Jennifer Ginsberg: My 3-year-old daughter, Kiana, is a petite, wispy, blonde angel who has earned the nickname "Tinkerbell" for her gentle spirit and delicate manner.
She doesn't grab toys in toddler group, and she has never hit another child. She patiently waits her turn for the swing at the park, and she loves to curl up in my arms and coo, "I'm the baby of the family." But if her brother dares to piss her off, she'll bite the living sh*t out of him. And there is a part of me that's glad she knows how to defend herself.
Let me explain: I know how socially unacceptable it is to have a child who has been stigmatized as a biter. I have seen toddlers expelled from playgroups and shunned by Gymboree for committing this very crime. The other day, I was at a party and I mentioned that my daughter was a biter. You would've thought I'd screamed "Al Qaeda!" from the audible gasps and looks of horror on the faces of the other partygoers. I'll admit it: Her teeth are weapons of mass destruction.
But she pulls out the heavy arsenal just occasionally. She is a targeted attacker. In fact, the only victim of her biting is her older brother, Shane.
It goes something like this: Kiana is minding her own business and playing with something super-exciting -- such as a string she found on the floor, or one of my earplugs. Shane suddenly decides he must have that coveted item and attempts to swipe it from her. She firmly says, "No, Shanie, I don't want to share!" and she holds on to the item for dear life. This continues back and forth, and despite my attempts to redirect the conflict and stop his bullying, as soon as I walk away to make dinner or do some laundry, it covertly persists.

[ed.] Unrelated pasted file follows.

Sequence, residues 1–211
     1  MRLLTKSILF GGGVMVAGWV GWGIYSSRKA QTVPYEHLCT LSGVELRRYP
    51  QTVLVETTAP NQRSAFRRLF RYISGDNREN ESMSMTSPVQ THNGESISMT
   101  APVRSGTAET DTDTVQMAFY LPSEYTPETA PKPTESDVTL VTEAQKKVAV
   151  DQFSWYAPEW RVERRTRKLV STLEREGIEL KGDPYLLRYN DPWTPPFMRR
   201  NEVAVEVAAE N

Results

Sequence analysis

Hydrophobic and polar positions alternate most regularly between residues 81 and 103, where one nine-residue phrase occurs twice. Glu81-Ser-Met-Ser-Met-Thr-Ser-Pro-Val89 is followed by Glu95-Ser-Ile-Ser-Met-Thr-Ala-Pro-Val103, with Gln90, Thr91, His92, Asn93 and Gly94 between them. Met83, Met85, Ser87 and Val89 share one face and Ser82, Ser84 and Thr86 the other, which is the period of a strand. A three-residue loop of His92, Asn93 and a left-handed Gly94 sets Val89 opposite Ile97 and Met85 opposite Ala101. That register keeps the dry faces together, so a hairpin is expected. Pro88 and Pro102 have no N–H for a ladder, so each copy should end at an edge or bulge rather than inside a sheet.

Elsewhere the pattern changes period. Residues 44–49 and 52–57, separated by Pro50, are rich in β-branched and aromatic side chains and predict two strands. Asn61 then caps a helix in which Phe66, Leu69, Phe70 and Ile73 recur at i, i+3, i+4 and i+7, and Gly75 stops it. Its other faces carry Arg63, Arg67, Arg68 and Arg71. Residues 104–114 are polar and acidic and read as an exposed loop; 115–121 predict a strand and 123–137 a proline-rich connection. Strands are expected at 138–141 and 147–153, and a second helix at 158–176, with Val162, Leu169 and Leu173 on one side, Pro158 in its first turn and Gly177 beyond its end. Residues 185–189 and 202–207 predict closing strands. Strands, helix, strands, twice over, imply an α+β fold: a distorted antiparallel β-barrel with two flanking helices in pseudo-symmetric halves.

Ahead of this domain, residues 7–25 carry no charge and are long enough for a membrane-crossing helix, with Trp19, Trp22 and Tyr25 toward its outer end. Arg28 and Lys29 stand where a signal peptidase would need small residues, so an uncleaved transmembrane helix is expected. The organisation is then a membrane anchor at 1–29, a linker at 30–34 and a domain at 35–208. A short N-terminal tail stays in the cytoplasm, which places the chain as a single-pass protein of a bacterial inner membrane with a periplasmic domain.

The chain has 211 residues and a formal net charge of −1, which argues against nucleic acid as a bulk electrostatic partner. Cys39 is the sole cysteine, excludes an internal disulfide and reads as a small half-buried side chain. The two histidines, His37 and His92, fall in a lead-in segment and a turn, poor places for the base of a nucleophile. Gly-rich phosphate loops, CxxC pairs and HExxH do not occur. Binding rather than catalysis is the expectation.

At which point, he more forcefully tries to wrestle the object from her -- and being bigger and stronger, he snags it. Then, like a wild, rabid animal, Kiana bares her fangs and clenches down on a piece of his flesh. His leg, his arm, even his cheek once -- anything juicy will do. At which point, Shane bursts into tears, drops the object and comes running to me, visibly scared and shaken. He looks at me with pain and terror in his eyes and cries, "Kiki bit me!" as he shows me the wound, red and raw with visible teeth-mark punctures.
For some unknown reason, it never occurs to him that he, being bigger and stronger, could easily defend himself -- or even bite her back. Her bites are a brilliant combination of physical and psychological terrorism, as they inflict both paralyzing pain and deep fear in her victim. After such an attack, her 5-year-old brother regresses to a helpless infant and is unable to form a rational thought.
Her teeth have the power to set boundaries; they are her last resort for defending her space and property. She uses them mindfully and selectively. After multiple attempts at "using her words" (i.e. negotiating with the terrorist), biting is the only way she gets her brother to leave her the hell alone.
While I'm not thrilled with the idea of my diminutive daughter committing an act of violence, I am happy that when push comes to shove, she can defend herself. She knows biting is wrong -- she has never bitten a person aside from her brother -- and she certainly knows how to use her words. But in the face of incessant sibling taunting, Kiana fights terror with terror.
"Use your words" is a lovely platitude, but I have come to learn that it's an ideal that doesn't always pertain to the real world.